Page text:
The super-ego is, however, not simply a residue of the earliest object-choices of the id; it also represents an energetic reaction-formation against those choices. Its relation to the ego is not exhausted by the precept: 'You ought to be like this (like your father).' It also comprises the prohibition: 'You may not be like this (like your father)—that is, you may not do all that he does some things are his prerogative.' This double aspect of the ego ideal derives from the fact that the ego ideal had the task of repressing the Oedipus complex, indeed, it is to that revolutionary event that it owes its existence. ... The super-ego retains the character of the father, while the more powerful the Oedipus complex was and the more rapidly it succumbed to repression (under the influence of authority, religious teaching, schooling and reading), the stricter will be the domination of the super-ego over the ego later on—in the form of conscience or perhaps of an unconscious sense of guilt. (1923b, SE 19: 34-5)
But now that we have embarked upon the analysis of the ego we can give an answer to all those whose moral sense has been shocked and who have complained that there must surely be a higher nature in man: 'Very true,' we can say, 'and here we have that higher nature, in this ego ideal or super-ego, the representative of our relation to our parents. When we were little children we knew these higher natures, we admired them and feared them and later we took them into ourselves.' (1923b, SE 19: 36)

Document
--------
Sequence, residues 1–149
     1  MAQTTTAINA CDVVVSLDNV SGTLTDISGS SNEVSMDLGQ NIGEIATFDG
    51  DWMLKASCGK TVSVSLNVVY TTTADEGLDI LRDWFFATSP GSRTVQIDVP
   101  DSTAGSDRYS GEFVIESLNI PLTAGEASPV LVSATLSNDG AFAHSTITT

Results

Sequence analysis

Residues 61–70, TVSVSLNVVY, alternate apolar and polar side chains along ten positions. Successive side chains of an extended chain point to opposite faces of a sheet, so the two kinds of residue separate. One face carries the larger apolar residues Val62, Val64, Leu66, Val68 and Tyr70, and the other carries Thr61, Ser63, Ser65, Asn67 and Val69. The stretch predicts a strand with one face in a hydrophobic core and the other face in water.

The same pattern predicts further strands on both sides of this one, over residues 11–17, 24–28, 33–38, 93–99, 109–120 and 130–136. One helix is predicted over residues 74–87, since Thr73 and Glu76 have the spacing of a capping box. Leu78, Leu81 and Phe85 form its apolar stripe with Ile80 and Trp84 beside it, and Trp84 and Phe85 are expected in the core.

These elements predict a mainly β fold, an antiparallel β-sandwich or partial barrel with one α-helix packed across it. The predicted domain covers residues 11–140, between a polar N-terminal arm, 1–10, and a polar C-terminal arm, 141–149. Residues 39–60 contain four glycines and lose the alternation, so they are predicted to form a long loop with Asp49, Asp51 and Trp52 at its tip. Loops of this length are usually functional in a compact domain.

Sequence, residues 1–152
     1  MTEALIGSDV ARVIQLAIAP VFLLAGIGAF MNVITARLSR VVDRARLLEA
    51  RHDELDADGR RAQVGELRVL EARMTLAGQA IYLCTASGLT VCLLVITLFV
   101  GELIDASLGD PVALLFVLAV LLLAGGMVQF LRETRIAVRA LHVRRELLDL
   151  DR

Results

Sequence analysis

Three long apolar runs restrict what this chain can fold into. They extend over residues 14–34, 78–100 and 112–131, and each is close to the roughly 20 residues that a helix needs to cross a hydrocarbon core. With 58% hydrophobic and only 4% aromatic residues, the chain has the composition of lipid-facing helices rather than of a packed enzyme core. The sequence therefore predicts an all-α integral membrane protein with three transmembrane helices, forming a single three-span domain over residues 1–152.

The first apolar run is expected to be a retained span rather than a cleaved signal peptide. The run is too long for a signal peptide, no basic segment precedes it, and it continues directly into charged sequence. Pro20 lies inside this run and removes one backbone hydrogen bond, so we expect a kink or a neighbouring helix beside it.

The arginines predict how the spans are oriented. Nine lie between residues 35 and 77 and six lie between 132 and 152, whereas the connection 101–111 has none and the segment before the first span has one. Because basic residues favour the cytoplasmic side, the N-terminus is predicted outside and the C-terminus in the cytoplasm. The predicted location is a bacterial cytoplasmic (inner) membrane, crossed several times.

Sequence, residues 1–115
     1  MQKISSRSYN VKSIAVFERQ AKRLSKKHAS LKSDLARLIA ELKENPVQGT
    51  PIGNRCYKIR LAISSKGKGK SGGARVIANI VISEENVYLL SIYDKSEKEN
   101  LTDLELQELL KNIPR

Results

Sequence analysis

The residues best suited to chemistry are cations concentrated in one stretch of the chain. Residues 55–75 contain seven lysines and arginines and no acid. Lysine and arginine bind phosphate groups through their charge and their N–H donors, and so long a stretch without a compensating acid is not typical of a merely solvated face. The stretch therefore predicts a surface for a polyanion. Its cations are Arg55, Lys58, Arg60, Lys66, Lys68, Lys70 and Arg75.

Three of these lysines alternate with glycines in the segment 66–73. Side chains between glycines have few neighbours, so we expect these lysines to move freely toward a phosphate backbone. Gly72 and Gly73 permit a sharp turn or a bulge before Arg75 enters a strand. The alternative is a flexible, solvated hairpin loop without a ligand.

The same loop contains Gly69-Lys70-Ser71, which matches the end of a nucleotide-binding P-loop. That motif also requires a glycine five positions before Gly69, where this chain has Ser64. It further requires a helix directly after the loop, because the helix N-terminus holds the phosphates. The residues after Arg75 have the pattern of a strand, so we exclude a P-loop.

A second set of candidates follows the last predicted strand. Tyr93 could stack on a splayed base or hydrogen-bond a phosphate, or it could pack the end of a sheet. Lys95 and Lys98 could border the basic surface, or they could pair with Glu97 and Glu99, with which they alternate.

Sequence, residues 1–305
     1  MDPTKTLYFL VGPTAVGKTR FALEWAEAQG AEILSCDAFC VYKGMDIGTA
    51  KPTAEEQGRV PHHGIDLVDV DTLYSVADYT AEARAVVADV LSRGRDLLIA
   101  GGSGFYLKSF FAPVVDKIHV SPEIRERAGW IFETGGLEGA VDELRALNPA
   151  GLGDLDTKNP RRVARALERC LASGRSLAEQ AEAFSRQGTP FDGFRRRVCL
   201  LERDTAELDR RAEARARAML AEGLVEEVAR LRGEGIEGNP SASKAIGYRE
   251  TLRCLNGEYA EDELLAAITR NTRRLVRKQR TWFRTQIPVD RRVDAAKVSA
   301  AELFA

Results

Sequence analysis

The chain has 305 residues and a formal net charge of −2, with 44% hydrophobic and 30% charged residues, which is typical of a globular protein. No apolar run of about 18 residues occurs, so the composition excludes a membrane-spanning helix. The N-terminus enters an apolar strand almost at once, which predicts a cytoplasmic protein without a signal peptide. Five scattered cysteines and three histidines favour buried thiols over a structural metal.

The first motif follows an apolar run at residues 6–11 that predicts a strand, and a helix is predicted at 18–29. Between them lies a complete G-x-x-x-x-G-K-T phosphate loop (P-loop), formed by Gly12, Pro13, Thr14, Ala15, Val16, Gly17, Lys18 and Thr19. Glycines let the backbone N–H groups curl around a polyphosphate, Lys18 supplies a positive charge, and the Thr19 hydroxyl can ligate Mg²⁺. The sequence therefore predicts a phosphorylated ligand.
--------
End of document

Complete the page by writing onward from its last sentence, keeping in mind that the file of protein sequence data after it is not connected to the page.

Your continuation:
The ego ideal is therefore the heir of the Oedipus complex , and thus it is also the expression of the most powerful impulses and most important libidinal vicissitudes of the id. By setting up this ego ideal, the ego has mastered the Oedipus complex and at the same time placed itself in subjection to the id. Whereas the ego is essentially the representative of the external world, of reality, the super-ego stands in contrast to it as the representative of the internal world, of the id. Conflicts between the ego and ideal will, as we are now prepared to find, ultimately reflect the contrast between what is real and what is psychical, between the external world and the internal world. ...